Spi­eth’s wild ride

Texan’s shot from the driv­ing range spurs Bri­tish Open vic­tory.

Northwest Arkansas Democrat-Gazette - - FRONT PAGE -

SOUTH­PORT, Eng­land — Dur­ing one of Jor­dan Spi­eth’s many low points Sun­day in the Bri­tish Open, his cad­die re­minded him of a photo from a Mex­ico beach hol­i­day two weeks ago that showed him in All-Star com­pany that in­cluded Michael Phelps and Michael Jor­dan.

The mes­sage: “You be­long in that group.”

Spi­eth left lit­tle doubt with a clos­ing per­for­mance that ranks among cham­pi­onship golf’s great­est fin­ishes.

Trail­ing for the first time all week­end at Royal Birk­dale — and lucky it was only one stroke af­ter hit­ting his third shot from the driv­ing range — the 23-year-old Texan fol­lowed with a birdie-ea­gle-birdie-birdie stretch that al­lowed him to close with a 1-un­der 69 and win the Bri­tish Open by three shots over Matt Kuchar.

Spi­eth cap­tured the third leg of the ca­reer Grand Slam and heads to the PGA Cham­pi­onship next month with a chance to be the youngest to win them all.

“This is as much of a high as I’ve ever ex­pe­ri­enced in my golf­ing life,” Spi­eth said.

It all started af­ter Spi­eth landed in a spot so dire it looked as though he would en- dure an­other ma­jor melt­down.

The break of the tour­na­ment — and a mo­ment that will rate along­side Seve Balles­teros mak­ing birdie from the park­ing lot when he won at Royal Lytham & St. Annes in 1979 — was when Spi­eth dis­cov­ered the range was part of the course.

His tee shot was so far to the right on the par-4 13th hole that it sailed some 75 yards from the fair­way and set­tled in thick grass on a dune so steep he could hardly stand up, let alone take a swing. The only smart op­tion was to take a one-shot penalty for an un­playable lie.

And that’s when Spi­eth showed his golf­ing brain is as valu­able as any club in his bag.

He had the pres­ence to ask if the driv­ing range was out of bounds. It wasn’t, which al­lowed him to go back in a straight line from the flag un­til he was on the range among the equip­ment trucks, from which he re­ceived re­lief. He still faced a blind shot over the dunes to a hole lit­tered by pot bunkers. He hit 3-iron just short of a bunker near the green, pitched over it to about 7 feet, and made what he con­sid­ers the most im­por­tant putt of the day to es­cape with bo­gey.

Then, he made like Phelps and Jor­dan.

Spi­eth hit 6-iron to the par3 14th that landed in front of the flag and came within inches of an ace, lead­ing to a short birdie putt to re­gain a share of the lead.

On the par-5 15th, he rolled in a 50-foot ea­gle putt and play­fully barked at cad­die Michael Greller to pick it out of the cup. “Go get that,” he said, point­ing to the hole.

Kuchar birdied to stay within one shot, but Spi­eth wasn’t done.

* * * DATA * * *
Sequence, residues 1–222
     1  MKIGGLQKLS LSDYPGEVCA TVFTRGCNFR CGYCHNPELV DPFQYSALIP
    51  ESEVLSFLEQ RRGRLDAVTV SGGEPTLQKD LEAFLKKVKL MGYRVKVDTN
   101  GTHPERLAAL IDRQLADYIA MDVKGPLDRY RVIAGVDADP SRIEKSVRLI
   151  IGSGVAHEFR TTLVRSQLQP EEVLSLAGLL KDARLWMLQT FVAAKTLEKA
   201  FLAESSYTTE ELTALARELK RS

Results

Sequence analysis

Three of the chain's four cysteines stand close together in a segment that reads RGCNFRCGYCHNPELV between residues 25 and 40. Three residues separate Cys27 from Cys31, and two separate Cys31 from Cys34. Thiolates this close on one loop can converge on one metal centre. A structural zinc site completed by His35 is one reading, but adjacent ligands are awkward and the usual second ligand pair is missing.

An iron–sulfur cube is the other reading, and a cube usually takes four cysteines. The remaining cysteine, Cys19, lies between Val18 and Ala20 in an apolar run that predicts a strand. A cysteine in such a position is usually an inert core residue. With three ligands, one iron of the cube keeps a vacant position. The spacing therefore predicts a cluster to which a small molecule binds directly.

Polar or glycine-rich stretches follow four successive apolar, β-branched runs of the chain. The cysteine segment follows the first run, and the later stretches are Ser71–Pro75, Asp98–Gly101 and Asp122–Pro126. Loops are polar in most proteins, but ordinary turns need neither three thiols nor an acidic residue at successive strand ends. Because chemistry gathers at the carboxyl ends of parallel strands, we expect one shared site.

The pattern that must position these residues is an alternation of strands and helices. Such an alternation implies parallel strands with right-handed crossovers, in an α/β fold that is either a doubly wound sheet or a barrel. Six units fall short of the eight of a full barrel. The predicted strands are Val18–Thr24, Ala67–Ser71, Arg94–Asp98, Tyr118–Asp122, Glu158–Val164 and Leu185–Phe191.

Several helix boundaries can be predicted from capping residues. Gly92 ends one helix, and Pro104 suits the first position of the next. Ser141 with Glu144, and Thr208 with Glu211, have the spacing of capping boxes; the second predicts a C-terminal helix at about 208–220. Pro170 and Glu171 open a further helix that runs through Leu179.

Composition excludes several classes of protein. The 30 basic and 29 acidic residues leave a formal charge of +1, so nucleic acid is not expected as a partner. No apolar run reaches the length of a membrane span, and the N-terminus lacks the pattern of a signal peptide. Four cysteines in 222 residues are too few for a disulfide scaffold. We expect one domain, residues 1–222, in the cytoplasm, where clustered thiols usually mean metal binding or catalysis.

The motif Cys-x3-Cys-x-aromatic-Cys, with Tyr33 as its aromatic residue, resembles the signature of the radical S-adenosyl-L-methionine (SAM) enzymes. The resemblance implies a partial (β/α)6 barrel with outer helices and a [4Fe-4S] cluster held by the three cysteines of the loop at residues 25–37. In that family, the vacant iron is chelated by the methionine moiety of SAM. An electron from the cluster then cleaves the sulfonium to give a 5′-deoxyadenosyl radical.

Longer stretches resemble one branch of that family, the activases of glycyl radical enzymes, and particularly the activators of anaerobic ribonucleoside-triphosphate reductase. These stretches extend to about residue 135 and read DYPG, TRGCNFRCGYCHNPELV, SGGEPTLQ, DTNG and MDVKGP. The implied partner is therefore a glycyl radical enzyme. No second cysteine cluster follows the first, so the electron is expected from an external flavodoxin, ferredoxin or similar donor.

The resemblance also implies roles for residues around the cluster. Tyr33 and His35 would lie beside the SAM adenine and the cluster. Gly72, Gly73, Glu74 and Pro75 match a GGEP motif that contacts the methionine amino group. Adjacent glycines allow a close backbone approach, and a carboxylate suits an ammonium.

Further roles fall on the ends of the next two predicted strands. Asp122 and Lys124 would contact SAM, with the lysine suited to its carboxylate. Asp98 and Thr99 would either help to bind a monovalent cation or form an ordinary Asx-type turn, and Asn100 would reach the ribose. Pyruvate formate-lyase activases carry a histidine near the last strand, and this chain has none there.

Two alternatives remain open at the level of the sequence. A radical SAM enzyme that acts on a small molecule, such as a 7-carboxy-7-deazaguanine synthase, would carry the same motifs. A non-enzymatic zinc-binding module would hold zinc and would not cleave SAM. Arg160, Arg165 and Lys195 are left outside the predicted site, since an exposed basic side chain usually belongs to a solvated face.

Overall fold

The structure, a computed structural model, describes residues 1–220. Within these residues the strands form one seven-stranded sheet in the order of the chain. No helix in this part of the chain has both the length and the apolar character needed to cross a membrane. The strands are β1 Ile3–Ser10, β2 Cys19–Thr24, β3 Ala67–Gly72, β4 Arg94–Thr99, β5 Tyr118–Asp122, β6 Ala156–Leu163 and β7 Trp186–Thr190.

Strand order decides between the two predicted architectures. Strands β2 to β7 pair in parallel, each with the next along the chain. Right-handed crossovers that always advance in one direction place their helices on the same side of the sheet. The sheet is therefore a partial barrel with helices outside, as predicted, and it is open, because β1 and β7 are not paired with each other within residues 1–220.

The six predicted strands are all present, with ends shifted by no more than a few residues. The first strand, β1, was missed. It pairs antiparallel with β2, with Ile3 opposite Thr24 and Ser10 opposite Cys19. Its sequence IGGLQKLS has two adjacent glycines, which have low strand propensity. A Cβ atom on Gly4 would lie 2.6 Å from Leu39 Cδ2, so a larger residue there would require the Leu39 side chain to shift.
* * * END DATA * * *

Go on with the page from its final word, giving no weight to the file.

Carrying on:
Spi­eth rolled in a 30-foot putt across the 16th green for a two-shot lead, and he kept that mar­gin by pour­ing in a 7-foot putt to match birdies with Kuchar at the par-5 17th.

The fi­nal putt for par was a tap-in, as easy a shot as he had all day.

“To fol­low that bo­gey on 13 with great golf shots and great putts, and play the fi­nal five holes in 5-un­der par, I was just very happy for him and very im­pressed to watch all that guts, de­ter­mi­na­tion and skill,” Jack Nick­laus posted on Face­book.

Spi­eth and Jack Nick­laus are the only play­ers to win three dif­fer­ent ma­jors at age 23.

“This is a dream come true for me,” Spi­eth said, gaz­ing at his name on the sil­ver claret jug. “Ab­so­lutely a dream come true.”

Kuchar, play­ing in the fi­nal group of a ma­jor for the first time, couldn’t keep up, but he hardly crum­bled.

Kuchar had a one-shot lead af­ter 13 holes, played the next four holes with two birdies and two pars and found him­self two shots be­hind and out of luck.

Kuchar walked off the green to find his wife and two sons wait­ing, a sur­prise be­cause they had been in Colorado the day be­fore, and it added to the emo­tions.

“It’s crush­ing. It hurts. And it’s an ex­cite­ment and a thrill to have played well, put up a bat­tle, put up a fight,” said Kuchar, who closed with a 69. “I can only con­trol what I do, how I play. Jor­dan is a great cham­pion and cer­tainly played that way in the fin­ish­ing stretch to­day. It was im­pres­sive stuff. All you can re­ally do is sit back, tip your cap and say, ‘Well done.’ And it was cer­tainly a show that he put on.”

Zach John­son, Justin Thomas and Rickie Fowler were among those who waited by the 18th to watch Spi­eth cap­ture yet an­other ma­jor. John­son won at St. An­drews two years ago, when Spi­eth missed the play­off by one shot in his bid for the cal­en­dar Grand Slam. Spi­eth drank wine from the jug that year, which he was told was bad luck for any­one want­ing to pos­sess the tro­phy one day.

AP/AN­DREW MATTHEWS

Jor­dan Spi­eth had four bo­geys through the first nine holes of the fi­nal round of the Bri­tish Open on Sun­day, but the 23-year-old re­bounded to close with a 1-un­der 69 to hold off Matt Kuchar and win the third ma­jor cham­pi­onship of his ca­reer.

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